What are cosmic rays? Why do they matter?
Cosmic rays are charged subatomic particles that constantly rain down on Earth from all directions.
“They’re called rays, but they are actually particles,” explains Stefan Westerhoff, a professor of physics at the University of Wisconsin-Madison, “and they come in a wide range of energies. At low energies, they are very abundant. At high energies, they are very rare.”
Discovering where high-energy cosmic rays come from has been a grail of physics since their discovery.
Cosmic rays first came to the notice of scientists not long after the discovery in 1896 of radioactivity from chemical elements like uranium. The ionization of the air – atmospheric electricity – was at first mistakenly attributed to radioactive elements on Earth.
That notion was dispelled in 1912, however, and the field of cosmic ray physics was born when the Austrian physicist Victor Hess, at great personal risk, carried devices known as electrometers high into the atmosphere in a free-floating hydrogen balloon to measure ionization rates at increasing heights. At an altitude of more than 17,000 feet, Hess discovered that the rate of ionization was nearly four times greater than at ground level, demonstrating that the ions zipping through the air were of extraterrestrial origin.
After the discovery of cosmic radiation by Hess, a feat that would win him a Nobel Prize in 1936, the next questions for the new field of cosmic ray physics was, what are the particles made of, and how does nature make them? Where do they come from?
Most of the high-energy particles that come from space, scientists now know, are protons – the atomic nuclei of hydrogen, the most abundant element in the universe. Helium and most other elements are also represented in the cosmic ray mix, but to a far lesser extent than hydrogen.
By the 1930s, cosmic rays had become an important window to the particles smaller than atoms. When cosmic rays arrive at Earth, they can collide with the nuclei of atoms in the atmosphere, creating a shower of billions of secondary particles. Until humans built the first particle accelerators in the 1950s, cosmic rays were the only way to study particles smaller than atoms. The particles raining down on Earth from cosmic ray events, and science’s growing ability to detect and parse the variety of secondary particles in the showers, led to a string of important discoveries. Positrons, muons, pions, kaons and more were sorted out of the subatomic clutter beginning in the 1930s, adding to a growing zoo of particles.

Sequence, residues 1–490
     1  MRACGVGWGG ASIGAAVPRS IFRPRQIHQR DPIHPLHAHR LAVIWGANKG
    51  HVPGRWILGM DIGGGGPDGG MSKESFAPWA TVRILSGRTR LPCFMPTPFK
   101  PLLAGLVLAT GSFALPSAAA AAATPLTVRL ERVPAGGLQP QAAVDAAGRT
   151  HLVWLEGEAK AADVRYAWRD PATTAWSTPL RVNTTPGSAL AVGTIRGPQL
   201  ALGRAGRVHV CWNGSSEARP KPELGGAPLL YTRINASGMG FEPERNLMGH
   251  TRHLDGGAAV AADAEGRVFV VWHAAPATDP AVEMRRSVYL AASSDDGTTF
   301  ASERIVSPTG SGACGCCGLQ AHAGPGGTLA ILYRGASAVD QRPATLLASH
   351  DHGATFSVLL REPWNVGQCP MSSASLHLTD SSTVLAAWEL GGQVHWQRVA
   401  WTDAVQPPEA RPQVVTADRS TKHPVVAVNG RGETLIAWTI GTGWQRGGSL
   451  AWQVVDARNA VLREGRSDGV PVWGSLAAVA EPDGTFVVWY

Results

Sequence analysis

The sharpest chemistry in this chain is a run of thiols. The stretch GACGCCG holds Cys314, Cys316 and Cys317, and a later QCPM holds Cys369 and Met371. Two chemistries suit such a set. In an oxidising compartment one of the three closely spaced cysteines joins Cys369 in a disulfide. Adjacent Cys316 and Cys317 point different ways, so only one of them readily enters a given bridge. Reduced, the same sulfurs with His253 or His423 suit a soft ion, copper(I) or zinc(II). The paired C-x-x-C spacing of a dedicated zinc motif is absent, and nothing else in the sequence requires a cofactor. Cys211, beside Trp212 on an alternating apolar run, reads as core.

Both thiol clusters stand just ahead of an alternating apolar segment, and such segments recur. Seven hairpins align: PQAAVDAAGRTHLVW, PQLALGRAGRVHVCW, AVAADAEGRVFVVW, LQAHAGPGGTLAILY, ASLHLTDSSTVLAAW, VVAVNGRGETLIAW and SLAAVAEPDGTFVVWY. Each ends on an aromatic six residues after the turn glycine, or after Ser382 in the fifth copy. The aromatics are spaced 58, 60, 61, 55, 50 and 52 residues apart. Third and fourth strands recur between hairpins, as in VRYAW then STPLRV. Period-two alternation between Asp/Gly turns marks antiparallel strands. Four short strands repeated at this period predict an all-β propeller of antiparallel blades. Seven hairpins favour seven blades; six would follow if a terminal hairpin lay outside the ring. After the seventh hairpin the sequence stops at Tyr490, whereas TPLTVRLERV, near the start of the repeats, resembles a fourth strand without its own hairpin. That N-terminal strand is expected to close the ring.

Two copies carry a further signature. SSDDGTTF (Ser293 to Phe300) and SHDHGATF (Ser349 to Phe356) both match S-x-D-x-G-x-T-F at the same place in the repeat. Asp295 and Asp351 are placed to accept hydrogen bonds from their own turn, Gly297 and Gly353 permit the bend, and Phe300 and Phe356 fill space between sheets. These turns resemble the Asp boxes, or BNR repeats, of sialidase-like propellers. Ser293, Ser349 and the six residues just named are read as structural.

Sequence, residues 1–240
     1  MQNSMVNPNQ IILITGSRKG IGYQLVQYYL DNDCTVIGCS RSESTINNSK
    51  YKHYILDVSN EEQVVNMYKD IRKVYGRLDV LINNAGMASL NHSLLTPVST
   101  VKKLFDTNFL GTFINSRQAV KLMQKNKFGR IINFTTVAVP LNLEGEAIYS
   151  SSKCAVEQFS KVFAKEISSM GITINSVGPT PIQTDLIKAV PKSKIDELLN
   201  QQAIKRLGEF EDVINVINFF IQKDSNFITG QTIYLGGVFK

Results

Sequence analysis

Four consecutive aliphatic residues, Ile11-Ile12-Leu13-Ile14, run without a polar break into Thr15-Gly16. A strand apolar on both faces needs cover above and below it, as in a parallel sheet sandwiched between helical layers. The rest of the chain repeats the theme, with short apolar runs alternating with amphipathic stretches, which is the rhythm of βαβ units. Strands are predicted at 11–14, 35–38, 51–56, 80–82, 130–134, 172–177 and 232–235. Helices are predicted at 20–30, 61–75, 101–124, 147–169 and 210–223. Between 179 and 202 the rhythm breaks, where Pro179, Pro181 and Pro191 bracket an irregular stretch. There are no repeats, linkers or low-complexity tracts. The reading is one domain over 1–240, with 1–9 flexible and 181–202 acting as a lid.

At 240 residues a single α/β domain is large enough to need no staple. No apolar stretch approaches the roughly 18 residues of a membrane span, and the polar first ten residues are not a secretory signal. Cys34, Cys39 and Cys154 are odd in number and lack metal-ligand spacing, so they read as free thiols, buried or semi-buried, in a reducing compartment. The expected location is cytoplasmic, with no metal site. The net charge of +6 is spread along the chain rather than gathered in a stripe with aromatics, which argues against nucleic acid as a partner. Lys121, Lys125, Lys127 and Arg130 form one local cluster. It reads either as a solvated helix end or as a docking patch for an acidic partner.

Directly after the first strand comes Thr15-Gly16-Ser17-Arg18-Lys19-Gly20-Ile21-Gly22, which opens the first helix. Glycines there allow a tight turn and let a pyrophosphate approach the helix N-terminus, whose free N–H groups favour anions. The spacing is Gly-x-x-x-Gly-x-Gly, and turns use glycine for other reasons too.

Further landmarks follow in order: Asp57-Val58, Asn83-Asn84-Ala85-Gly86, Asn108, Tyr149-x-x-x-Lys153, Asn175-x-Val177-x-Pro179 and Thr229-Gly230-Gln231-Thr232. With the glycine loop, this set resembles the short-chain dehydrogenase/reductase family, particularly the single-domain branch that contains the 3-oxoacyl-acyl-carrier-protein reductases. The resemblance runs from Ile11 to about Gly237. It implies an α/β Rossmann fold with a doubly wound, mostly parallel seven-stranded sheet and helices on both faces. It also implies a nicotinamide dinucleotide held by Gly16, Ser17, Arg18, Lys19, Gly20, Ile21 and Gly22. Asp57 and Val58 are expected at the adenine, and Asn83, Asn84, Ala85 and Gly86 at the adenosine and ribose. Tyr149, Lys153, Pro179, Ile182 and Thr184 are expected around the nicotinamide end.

But finding out where cosmic rays originate is a more difficult task, because as the charged particles transit space, their trajectories are scrambled by the powerful magnetic fields that litter interstellar and intergalactic space. In short, there is no straight path back to a source such as a photon of starlight provides astronomers, notes UW-Madison physics professor Justin Vandenbroucke.
So discovering exactly where the more energetic cosmic rays come from has been a grail of physics since their discovery. Suspected sources include some of the most violent phenomena in the universe, objects that act as massive accelerators – far more powerful than any on Earth – to send the particles flying through the universe at light speed. The most common low-energy cosmic rays come as a stream of charged particles from the sun, a phenomenon known as the solar wind. The highest energy cosmic rays, scientists think, may be emanating from supernova remnants, gamma ray bursters, crashing galaxies and a class of objects known as active galactic nuclei, the black hole cores of massive galaxies.